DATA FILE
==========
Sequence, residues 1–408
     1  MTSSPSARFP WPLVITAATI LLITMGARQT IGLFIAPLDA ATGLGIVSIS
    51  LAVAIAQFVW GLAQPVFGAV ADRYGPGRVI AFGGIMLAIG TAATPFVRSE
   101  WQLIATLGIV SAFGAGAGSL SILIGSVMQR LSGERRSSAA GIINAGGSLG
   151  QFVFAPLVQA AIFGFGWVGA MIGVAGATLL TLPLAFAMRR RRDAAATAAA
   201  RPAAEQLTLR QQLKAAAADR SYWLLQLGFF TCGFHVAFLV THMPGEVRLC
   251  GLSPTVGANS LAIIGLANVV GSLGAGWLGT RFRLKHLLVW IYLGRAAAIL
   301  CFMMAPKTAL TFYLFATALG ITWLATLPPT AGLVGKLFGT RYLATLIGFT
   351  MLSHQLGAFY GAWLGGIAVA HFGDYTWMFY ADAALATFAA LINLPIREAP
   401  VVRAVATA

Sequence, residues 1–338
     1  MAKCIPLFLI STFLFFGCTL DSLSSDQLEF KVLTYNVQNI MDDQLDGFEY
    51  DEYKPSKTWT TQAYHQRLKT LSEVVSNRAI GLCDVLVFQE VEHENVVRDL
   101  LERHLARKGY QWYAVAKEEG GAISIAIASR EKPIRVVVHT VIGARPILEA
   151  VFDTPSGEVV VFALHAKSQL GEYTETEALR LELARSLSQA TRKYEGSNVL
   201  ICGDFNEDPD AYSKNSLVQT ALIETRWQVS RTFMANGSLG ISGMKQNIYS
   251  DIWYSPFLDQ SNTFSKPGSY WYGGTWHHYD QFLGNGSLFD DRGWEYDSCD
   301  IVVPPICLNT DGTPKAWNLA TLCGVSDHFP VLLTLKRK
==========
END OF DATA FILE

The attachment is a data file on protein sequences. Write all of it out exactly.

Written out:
Sequence, residues 1–408
     1  MTSSPSARFP WPLVITAATI LLITMGARQT IGLFIAPLDA ATGLGIVSIS
    51  LAVAIAQFVW GLAQPVFGAV ADRYGPGRVI AFGGIMLAIG TAATPFVRSE
   101  WQLIATLGIV SAFGAGAGSL SILIGSVMQR LSGERRSSAA GIINAGGSLG
   151  QFVFAPLVQA AIFGFGWVGA MIGVAGATLL TLPLAFAMRR RRDAAATAAA
   201  RPAAEQLTLR QQLKAAAADR SYWLLQLGFF TCGFHVAFLV THMPGEVRLC
   251  GLSPTVGANS LAIIGLANVV GSLGAGWLGT RFRLKHLLVW IYLGRAAAIL
   301  CFMMAPKTAL TFYLFATALG ITWLATLPPT AGLVGKLFGT RYLATLIGFT
   351  MLSHQLGAFY GAWLGGIAVA HFGDYTWMFY ADAALATFAA LINLPIREAP
   401  VVRAVATA

Sequence, residues 1–338
     1  MAKCIPLFLI STFLFFGCTL DSLSSDQLEF KVLTYNVQNI MDDQLDGFEY
    51  DEYKPSKTWT TQAYHQRLKT LSEVVSNRAI GLCDVLVFQE VEHENVVRDL
   101  LERHLARKGY QWYAVAKEEG GAISIAIASR EKPIRVVVHT VIGARPILEA
   151  VFDTPSGEVV VFALHAKSQL GEYTETEALR LELARSLSQA TRKYEGSNVL
   201  ICGDFNEDPD AYSKNSLVQT ALIETRWQVS RTFMANGSLG ISGMKQNIYS
   251  DIWYSPFLDQ SNTFSKPGSY WYGGTWHHYD QFLGNGSLFD DRGWEYDSCD
   301  IVVPPICLNT DGTPKAWNLA TLCGVSDHFP VLLTLKRK